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Photoshop® CS3 Bible by Robert C. Fuller, Laurie Ulrich Fuller

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Chapter 6. Filling and Stroking

Before things go too far here, let's make sure everyone's clear on the terminology. To fill a selection or a layer is to put color inside it; to stroke a selection or a layer is to put color around it. You can fill a layer or a selection or shape; you place a stroke around that filled area. Of course, you may prefer the term outline to stroke, but an outline is typically a border, a line placed around something to encase it, like a fence or a wall, to delineate it from the stuff surrounding it. Outlines are solid, uniform, and one thinks of them as being straight lines with sharp corners. A stroke, on the other hand, is more like color and/or a texture (depending on the nature of the stroke) that envelopes content, conforming to its shape rather than confining it. Further, stroke is also the PostScript term, and given the history of graphics and desktop publishing and their ties to the PostScript world, stroke also became (and remains) the term Photoshop uses, so for clarity's sake, we'll use it.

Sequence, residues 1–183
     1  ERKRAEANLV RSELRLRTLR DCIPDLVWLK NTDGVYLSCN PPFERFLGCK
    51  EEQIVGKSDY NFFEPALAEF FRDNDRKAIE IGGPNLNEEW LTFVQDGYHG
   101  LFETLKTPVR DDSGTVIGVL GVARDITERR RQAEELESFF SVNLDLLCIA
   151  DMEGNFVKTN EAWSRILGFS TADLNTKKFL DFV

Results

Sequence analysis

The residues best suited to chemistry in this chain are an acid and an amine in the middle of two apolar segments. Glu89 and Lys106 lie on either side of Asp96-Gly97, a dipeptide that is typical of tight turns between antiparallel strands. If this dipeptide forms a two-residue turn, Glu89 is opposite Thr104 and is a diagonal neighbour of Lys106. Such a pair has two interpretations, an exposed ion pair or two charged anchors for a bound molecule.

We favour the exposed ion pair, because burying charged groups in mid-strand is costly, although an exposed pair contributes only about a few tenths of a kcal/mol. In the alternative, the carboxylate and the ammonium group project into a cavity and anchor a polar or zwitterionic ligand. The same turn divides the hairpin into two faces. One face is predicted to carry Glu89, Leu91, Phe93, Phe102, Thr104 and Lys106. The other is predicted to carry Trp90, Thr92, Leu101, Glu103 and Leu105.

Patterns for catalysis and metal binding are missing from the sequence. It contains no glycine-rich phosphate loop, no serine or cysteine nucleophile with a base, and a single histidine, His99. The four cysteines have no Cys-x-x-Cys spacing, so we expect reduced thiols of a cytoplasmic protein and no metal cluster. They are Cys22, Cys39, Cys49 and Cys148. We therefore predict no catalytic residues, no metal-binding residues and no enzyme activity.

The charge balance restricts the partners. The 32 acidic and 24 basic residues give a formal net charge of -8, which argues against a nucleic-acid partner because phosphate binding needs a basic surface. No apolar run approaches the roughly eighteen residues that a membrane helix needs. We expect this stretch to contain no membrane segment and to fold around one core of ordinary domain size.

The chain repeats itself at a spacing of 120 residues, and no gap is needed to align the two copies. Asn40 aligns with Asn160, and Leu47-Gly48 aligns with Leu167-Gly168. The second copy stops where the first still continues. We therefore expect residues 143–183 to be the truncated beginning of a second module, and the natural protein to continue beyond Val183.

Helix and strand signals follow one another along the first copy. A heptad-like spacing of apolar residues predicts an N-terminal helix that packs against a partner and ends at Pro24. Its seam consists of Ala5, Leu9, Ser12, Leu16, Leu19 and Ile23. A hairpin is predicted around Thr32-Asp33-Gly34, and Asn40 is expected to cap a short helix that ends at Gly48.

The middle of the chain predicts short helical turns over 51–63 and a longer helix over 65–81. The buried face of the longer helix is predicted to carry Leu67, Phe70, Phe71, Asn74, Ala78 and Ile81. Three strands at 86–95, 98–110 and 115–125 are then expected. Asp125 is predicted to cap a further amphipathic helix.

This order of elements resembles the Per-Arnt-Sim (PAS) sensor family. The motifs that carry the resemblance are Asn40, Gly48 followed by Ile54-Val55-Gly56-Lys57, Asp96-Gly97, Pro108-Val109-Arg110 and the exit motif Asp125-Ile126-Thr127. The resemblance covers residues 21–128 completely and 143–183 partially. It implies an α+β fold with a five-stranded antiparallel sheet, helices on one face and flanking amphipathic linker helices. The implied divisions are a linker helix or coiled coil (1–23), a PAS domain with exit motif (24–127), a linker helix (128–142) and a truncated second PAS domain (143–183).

This chapter will teach you to fill selections using keyboard shortcuts, how to create interesting framing ...

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